Tuesday, January 25, 2011

Leftovers--What Do You Do?

I was flipping through some old links and came across this piece on singing the praises of the lost skill of leftovers from Thanksgiving. Carroll laments the lost art of reusing and disguising food, made nearly obsolete due to changing food habits, the cheapness of prepared food and preservative technology.

I admit I'm not much of a re-fashioner of food myself. My sister Dusie is very good at it--she'll add anything to a stirfry. I am a multiple purposes cook, like making soup from saved chicken carcasses and leftover vegetables. But it's seldom that I deliberately refashion something. I think last year I had some excellent lamb meatballs that I rescued from a truly terrible sauce and ate with yogurt sauce. And I often make large batches of things to eat over several days. When I was a kid we ate leftovers all the time--my grandmother's chicken soup and my mom's beef stew were especially prized as breakfast. But even 25 years ago this behavior was considered a little odd.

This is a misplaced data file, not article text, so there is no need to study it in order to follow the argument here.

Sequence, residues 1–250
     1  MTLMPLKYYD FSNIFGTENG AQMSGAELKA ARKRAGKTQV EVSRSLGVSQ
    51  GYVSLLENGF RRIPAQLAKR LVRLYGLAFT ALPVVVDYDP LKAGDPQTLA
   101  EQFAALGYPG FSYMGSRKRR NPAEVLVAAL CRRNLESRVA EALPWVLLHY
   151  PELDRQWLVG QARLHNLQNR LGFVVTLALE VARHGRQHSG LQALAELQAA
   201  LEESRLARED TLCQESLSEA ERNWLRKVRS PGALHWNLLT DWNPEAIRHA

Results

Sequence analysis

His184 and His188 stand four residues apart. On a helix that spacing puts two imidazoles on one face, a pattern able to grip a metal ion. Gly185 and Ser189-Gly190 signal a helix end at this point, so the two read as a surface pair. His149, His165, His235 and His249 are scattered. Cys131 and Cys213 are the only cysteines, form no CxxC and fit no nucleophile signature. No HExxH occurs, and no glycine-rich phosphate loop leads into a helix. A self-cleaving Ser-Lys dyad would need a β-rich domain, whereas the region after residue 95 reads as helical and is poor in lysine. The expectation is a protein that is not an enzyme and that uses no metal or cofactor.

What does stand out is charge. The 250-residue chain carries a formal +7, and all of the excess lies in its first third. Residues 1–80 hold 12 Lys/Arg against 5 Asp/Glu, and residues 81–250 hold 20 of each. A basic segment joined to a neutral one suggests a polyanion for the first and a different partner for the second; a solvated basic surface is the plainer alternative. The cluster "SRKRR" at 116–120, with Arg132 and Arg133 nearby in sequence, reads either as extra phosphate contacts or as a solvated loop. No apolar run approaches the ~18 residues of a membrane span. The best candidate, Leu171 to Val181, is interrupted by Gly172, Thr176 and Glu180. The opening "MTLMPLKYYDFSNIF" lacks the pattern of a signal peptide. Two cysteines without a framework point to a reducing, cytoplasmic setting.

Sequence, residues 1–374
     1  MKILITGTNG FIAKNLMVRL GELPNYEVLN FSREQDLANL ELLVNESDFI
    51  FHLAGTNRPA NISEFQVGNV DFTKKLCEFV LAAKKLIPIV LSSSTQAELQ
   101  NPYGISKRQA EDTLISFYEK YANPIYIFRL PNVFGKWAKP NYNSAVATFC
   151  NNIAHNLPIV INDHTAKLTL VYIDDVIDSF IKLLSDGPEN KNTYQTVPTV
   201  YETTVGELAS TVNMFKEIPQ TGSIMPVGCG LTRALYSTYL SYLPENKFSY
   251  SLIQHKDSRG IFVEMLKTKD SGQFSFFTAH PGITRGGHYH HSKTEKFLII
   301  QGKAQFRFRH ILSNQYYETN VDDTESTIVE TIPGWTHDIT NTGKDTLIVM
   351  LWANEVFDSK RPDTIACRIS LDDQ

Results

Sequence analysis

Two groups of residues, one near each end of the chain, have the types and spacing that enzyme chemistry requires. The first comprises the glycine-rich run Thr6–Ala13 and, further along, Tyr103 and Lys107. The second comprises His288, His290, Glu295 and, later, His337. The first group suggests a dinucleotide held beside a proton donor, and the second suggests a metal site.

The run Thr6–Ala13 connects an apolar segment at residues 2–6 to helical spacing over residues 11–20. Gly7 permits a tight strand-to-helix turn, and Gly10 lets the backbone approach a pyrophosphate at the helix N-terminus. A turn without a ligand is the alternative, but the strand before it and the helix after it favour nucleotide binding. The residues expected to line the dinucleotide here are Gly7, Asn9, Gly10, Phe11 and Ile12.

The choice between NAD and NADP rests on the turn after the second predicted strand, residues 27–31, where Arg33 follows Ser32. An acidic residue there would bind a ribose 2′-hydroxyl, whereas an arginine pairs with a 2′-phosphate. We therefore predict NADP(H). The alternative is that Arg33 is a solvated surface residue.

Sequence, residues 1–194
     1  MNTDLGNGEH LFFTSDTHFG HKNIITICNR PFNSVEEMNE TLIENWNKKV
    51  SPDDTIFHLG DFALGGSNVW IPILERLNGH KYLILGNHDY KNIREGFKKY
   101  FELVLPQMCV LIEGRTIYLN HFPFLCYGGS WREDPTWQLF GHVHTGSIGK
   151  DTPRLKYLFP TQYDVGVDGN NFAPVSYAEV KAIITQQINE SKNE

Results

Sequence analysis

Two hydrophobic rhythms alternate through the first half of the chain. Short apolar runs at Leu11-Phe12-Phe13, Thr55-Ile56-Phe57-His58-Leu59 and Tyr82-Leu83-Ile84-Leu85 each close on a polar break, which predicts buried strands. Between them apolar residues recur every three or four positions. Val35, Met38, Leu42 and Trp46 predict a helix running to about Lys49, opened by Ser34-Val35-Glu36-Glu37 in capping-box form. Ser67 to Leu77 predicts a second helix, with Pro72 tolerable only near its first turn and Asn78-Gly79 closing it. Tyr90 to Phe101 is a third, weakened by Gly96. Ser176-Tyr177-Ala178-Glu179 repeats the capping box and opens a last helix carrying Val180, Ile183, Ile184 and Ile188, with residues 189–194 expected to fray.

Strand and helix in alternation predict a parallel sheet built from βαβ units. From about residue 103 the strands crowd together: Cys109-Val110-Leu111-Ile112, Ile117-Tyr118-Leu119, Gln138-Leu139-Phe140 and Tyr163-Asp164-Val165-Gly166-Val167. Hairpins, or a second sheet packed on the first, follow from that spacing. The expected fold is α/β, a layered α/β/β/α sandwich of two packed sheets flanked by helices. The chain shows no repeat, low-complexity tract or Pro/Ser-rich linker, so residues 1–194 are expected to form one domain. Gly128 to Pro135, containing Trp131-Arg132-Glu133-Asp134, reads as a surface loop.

I'm curious about what others think--have leftovers really vanished? Do you refashion your food? Or just eat the same stuff over and over? Do you ever toss food that you just can't stand for one more day? For me it was a recent batch of chili where most of the beans had never softened--it actually hurt to eat that meal and I just couldn't inflict shards of beans on my poor gums for another lunch.

1 comment:

Cookbook said...

I do some mix of all three -- refashion, eat til it's gone, or toss. I'm about to toss leftover beef stew made from that roast I did a couple weeks ago because while it was tasty, it made me gassy. Tonight I plan to make some rice and beans and I'll have that for dinner and take it for lunch the next couple of days. It depends on if a dish is good or not.

I don't believe in "cooking for one" necessarily. You can always cook a whole recipe that serves 4-6 and freeze leftovers or just have lasagna everyday for a week. My breaking point on most foods is about 4-5 servings.